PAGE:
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18 March 2015updated 07 Jun 2021 2:39pm

Emmanuel Macron’s Euro election campaign is off to a disastrous start

By Pauline Bock

Europe was supposed to be Emmanuel Macron’s strong point. In March, he published an op-ed published in newspapers across the EU (and translated into 27 languages), to address the citizens of Europe and launch the European election campaign for his party La République En Marche (LREM). He warned against “letting nationalists exploit public anger”, at Brexit and beyond, having previously compared nationalism to leprosy.

Yet since then, everything has gone wrong for the LREM campaign.

Nathalie Loiseau, the candidate heading the LREM European election list of candidates, has gone from one controversy to the next. Formerly Macron’s Europe minister (she resigned to lead the list), she was a discrete cabinet member but considered a strong candidate choice, with her professional experience in diplomacy and her recent European portfolio. The Times described her as “Macron’s secret weapon in the fight over Brexit”. Unfortunately, she has not proved to be particularly effective in fighting the European elections: her catastrophic campaign so far has eroded the party’s credibility, rather than forming a

Loiseau’s campaign crumbled on 22 April, when French independent media Médiapart revealed that she had campaigned on a far-right student union list in 1984. She was studying at elite private university Sciences Po, where she ran on the list of student union UED, which had roots in the GUD, an extreme far-right party that was known for its violent acts and its racist, homophobic and anti-Semitic views, and was close to Jean Marie Le Pen’s National Front. Another student candidate on the list was Christophe Bay, a civil servant who contributed to Marine Le Pen’s 2017 manifesto, Le Monde reported.

For a candidate who has painted herself as Marine Le Pen’s main opponent in the European elections, the revelations were disastrous – but her management of the situation was somehow worse. Loiseau first denied any link to the UED; then said she had “forgotten about it”. She admitted to Médiapart that she had not “perceived” the political alliances of such a list and “should have taken a closer look” at the time –the problem, as many noted, lies with the fact that the UED was far from the only centre-right party choice at Sciences Po at the time. As the controversy kept growing, she then declared that her presence on the UED list was a “youthful mistake” that she “regrets” (she was 20).

Loiseau has claimed that this major embarrassment does not question her commitment to Macron’s LREM, which is in direct opposition to nationalists like those of the GUD. “I am heading a list, the purpose of which is to fight the far right,” she said in a video addressing the scandal, which she posted on Twitter. “I hate everything the far right represents.” Having to make this crystal clear, in the middle of a campaign, looks dreadful nonetheless.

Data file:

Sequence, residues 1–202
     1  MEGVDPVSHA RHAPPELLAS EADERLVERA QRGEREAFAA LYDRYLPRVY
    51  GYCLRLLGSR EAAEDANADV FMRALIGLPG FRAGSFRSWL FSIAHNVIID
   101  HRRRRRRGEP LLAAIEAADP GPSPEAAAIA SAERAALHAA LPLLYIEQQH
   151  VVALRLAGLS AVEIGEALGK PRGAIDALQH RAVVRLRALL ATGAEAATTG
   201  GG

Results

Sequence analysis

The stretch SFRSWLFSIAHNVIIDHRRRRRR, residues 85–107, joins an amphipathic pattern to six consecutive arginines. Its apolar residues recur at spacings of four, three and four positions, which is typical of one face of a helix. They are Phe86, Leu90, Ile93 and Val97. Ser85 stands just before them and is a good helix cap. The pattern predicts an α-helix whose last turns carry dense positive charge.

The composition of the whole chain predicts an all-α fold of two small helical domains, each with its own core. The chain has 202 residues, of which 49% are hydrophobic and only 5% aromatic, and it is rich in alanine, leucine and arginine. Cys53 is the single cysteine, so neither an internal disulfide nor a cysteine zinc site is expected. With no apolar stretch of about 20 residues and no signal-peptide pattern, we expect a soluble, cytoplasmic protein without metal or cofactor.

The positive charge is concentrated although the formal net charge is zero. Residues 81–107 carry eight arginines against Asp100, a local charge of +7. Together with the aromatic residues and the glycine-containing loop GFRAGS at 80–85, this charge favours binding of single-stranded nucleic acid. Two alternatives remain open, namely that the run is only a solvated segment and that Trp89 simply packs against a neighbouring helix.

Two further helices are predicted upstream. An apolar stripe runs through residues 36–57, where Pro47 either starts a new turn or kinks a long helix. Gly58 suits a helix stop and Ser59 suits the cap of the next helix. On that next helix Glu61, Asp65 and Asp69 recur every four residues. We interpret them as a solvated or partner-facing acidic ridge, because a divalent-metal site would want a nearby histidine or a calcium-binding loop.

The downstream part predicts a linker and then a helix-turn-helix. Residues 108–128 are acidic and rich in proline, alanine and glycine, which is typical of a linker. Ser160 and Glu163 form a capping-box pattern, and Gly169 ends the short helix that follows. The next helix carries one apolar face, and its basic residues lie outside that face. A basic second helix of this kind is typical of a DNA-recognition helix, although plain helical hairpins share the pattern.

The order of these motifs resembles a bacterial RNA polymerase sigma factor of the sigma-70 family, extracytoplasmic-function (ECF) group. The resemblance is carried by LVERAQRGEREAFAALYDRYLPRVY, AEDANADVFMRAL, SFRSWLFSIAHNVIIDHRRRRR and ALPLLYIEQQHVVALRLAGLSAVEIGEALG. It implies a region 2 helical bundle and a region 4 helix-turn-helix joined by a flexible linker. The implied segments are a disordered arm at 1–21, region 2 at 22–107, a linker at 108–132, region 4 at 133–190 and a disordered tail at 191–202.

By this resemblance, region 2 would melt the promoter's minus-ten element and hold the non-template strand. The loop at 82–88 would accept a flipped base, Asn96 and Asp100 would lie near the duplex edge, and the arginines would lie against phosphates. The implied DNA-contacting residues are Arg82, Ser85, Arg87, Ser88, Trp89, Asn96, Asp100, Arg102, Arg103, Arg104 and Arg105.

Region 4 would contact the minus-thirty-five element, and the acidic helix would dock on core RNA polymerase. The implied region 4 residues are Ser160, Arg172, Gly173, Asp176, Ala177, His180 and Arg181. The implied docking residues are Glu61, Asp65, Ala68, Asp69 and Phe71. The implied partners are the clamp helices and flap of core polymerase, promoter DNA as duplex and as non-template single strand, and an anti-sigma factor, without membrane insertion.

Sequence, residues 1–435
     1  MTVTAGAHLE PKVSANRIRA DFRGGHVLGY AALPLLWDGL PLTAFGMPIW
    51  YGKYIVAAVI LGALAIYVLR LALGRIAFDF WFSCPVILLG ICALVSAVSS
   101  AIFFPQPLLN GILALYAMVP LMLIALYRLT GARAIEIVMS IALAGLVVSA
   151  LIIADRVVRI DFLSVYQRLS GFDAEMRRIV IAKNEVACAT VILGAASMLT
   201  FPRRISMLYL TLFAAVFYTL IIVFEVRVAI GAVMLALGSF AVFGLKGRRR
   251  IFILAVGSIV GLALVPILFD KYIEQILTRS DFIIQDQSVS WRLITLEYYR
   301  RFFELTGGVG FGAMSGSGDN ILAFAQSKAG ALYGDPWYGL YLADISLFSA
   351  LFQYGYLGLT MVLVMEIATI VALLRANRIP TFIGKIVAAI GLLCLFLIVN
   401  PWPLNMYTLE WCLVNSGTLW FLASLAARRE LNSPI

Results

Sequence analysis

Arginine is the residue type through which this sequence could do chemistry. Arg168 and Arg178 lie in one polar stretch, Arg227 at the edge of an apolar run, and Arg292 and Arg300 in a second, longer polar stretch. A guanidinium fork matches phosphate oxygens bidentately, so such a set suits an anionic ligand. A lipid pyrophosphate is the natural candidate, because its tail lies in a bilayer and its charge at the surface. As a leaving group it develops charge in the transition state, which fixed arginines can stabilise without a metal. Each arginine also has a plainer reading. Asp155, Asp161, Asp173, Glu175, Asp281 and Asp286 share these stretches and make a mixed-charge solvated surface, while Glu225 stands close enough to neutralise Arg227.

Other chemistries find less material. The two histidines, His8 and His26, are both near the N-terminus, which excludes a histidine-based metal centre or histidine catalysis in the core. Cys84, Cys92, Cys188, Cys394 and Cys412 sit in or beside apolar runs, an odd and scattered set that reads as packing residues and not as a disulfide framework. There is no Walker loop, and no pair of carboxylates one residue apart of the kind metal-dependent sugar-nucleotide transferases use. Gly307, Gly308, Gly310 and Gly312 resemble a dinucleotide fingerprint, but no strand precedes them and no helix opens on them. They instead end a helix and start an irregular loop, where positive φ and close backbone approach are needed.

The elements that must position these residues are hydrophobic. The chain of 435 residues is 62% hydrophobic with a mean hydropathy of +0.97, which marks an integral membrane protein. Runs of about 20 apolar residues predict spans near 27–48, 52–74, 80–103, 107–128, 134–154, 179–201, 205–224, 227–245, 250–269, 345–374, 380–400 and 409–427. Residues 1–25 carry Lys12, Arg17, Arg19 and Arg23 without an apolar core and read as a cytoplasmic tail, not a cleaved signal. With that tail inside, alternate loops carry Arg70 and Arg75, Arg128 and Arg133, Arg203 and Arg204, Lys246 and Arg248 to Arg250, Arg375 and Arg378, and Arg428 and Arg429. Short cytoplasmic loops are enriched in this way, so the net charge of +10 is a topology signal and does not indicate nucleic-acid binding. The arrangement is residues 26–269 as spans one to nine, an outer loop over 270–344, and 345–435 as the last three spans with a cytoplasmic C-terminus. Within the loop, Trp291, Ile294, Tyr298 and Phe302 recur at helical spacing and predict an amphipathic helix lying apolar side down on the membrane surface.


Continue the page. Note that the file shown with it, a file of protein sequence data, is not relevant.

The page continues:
This controversy around Loiseau’s past political activities was followed by other, unrelated mishaps. She was criticised earlier this week for insensitive remarks about Roma people, having declared on the radio that as the new director at the ENA, France’s elite administration school, she “felt like a Rom” because she was not an alumni – and was looked down on. (“This ‘shield’ against the far-right is as thin as a cardboard cut-out”, Loiseau’s fellow chief candidate, Ian Brossat for the French Communist Party list, tweeted in response.) Loiseau is also the author of a comic book about Europe, which with its release in mid-April was well-timed with the campaign. Unfortunately, some readers were shocked to discover that to illustrate Europe’s diversity, Loiseau chose to compare Poland’s gay marriage to the situation other EU states, writing: “Every country should be able to do as it wants!” She was accused of “banalising homophobia”, and a socialist MP wondered: “With ‘progressives’ like this, who needs conservatives?”

It started with Macron’s pro-Europe trumpets, but the LREM campaign is in danger of becoming irrelevant. Worry is spreading in Macron’s party ranks, where Loiseau is seen as too “technocratic” a candidate – and now is bringing trouble, too. “Our campaign isn’t dynamic, it’s not taking off”, Le Monde reported one LREM member saying. The LREM programme remains vague, with Macron’s the only prominent name on its website – and, seemingly, its only selling point.

For a party based on one central figure, which destroyed the competition less than a year after its creation during the 2017 French presidential election, the next poll was always going to be challenging,  European election even more so. But as Macron made clear, this one is a pivotal moment for Europe. And as things stand, his team doesn’t look like a winner.

Meanwhile, Le Pen’s National Rally (RN, formerly FN) knows it only has to sit on its hands to score around 20 per cent of the electorate. The far-right party is right on LREM’s heels in most polls. Macron’s party might get the most votes, but if its campaign is anything to go by, the mighty defence of progressive values the president promised seems somewhat compromised.

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